Post: Trying to Save Lives With Sound

Jan 1, 2010 12:00 PM, By Blair Jackson

RE-CREATING THE WAR IN AN IED ATTACK SIMULATOR

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For the final mix in the actual simulator, Dweck rented a Pro Tools HD rig from Absolute Rentals. “We figured out how to get a ProControl main unit and one fader pack wedged between the two front seats of the Humvee, which was mounted on the motion base about seven feet up in the air. I had to climb in and out with a ladder. I jammed my 6-foot body into the back sitting on the transmission hump. The inside of a Humvee is a little torture palace, with large exposed bolts and brackets everywhere. I can't count the number of times I hit my head, and I couldn't sit up straight.

“It was without question the most uncomfortable mix room I've ever worked in. I would mix a scene, get out and stretch, and then grab Bob Wolterstorff and Richard Lindheim for a playback; they'd sit in the back seats directly next to me, we'd make some tweaks, they'd climb out and I'd move on to the next scene. The proof came when we started putting all the elements together — the mix plays exactly as we expected it to when the motion profiles are applied.”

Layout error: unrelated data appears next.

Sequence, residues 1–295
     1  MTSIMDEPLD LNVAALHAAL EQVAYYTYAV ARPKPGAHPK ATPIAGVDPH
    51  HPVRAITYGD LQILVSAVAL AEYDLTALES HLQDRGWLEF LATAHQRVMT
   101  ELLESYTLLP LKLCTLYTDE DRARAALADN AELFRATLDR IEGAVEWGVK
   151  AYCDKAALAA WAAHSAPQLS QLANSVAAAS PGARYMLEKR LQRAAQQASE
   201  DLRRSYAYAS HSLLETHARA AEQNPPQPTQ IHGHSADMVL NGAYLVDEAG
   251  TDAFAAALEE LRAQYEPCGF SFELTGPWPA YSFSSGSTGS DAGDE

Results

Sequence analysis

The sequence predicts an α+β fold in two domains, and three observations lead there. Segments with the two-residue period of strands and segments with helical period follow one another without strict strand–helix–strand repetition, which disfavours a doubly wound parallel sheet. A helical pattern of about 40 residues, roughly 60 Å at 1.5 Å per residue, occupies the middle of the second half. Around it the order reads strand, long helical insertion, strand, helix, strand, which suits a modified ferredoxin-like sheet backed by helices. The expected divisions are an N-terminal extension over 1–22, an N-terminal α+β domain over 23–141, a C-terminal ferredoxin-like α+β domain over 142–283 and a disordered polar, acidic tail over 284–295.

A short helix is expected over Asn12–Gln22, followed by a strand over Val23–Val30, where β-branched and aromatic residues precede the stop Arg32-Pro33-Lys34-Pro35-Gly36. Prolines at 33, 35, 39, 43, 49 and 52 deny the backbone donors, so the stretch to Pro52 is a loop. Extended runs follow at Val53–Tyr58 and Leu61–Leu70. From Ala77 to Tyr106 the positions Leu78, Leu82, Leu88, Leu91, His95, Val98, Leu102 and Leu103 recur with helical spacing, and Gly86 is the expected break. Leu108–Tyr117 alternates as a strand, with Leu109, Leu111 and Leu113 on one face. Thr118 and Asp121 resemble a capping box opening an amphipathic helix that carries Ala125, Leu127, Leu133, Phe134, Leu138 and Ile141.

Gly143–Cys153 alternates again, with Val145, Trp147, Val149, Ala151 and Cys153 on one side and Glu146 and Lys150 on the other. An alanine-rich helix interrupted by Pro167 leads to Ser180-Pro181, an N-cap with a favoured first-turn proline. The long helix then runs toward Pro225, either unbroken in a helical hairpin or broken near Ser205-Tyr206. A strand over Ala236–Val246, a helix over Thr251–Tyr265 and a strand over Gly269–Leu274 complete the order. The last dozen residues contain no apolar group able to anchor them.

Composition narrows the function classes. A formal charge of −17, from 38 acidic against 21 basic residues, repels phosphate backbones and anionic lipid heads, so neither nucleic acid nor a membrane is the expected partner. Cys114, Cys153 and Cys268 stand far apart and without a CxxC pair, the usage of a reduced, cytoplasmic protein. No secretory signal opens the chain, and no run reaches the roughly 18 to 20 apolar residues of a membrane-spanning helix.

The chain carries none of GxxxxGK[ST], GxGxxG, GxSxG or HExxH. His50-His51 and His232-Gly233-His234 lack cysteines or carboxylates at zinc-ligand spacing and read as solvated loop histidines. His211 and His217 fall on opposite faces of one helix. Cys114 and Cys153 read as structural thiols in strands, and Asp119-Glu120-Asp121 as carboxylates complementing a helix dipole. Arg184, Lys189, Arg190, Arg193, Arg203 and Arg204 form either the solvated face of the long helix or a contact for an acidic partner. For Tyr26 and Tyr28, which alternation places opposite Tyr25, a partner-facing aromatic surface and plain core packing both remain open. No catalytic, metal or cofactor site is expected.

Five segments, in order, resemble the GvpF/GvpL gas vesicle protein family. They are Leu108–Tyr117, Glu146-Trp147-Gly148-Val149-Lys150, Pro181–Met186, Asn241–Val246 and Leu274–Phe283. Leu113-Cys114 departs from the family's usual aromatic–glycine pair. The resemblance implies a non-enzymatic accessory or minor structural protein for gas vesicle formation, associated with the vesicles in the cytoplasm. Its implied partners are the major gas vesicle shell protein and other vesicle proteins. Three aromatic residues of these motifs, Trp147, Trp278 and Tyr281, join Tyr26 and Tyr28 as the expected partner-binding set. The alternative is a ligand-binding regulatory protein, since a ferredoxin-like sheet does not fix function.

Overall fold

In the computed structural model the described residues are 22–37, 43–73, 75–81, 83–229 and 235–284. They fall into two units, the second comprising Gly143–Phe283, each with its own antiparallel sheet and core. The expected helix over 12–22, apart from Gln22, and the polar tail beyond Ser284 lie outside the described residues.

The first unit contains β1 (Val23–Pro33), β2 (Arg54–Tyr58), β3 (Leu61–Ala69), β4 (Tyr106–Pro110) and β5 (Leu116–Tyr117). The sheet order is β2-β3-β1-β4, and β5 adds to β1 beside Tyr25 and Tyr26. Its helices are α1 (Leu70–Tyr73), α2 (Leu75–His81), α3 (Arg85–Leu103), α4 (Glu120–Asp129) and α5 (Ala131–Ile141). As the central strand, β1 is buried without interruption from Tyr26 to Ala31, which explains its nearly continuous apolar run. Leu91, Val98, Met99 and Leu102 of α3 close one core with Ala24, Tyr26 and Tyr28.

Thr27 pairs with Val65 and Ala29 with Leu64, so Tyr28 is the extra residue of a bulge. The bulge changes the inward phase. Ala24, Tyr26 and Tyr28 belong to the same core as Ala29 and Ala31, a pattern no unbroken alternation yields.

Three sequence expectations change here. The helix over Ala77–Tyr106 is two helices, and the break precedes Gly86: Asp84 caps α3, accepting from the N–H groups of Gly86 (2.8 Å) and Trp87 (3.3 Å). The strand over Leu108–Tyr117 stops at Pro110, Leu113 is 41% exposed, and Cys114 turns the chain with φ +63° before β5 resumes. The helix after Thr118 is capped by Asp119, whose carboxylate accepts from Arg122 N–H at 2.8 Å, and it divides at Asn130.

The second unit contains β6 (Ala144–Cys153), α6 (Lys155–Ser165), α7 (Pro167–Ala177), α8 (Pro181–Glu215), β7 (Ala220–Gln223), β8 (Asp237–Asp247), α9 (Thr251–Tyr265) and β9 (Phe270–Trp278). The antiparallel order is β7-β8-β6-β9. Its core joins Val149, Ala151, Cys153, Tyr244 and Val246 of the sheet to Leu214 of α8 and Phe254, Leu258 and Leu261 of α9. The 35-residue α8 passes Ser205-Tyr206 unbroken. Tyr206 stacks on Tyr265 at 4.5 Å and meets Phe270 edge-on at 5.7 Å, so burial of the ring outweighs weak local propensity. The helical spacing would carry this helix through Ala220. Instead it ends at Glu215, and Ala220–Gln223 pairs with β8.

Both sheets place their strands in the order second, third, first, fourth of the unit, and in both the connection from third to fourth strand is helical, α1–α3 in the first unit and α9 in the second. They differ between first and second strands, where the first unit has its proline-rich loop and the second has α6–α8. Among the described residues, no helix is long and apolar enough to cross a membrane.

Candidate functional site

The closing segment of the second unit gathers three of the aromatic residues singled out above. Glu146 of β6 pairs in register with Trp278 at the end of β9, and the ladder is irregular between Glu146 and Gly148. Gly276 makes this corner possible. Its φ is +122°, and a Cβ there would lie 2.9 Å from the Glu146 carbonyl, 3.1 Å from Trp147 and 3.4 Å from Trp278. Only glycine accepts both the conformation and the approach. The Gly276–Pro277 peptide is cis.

Asked whether, ultimately, he feels like he's doing a good deed by taking on this sort of project, Dweck notes, “You know, I've spent years sitting there at two o'clock in the morning replacing and removing inconsequential dog barks for the fourth time at the whim of some producer — which is my job and I'm glad to do it. But I've looked at my co-workers, and said, ‘You know, we're really not saving lives here, guys.’ This is the first time I've been involved in something where I actually might have some effect on somebody's life. If I can make this real enough and help a guy learn to spot something and avoid it, or help them learn how to make a direct hit more survivable because they've been through something like it once, that's huge. That's bigger than all my past credits put together.”






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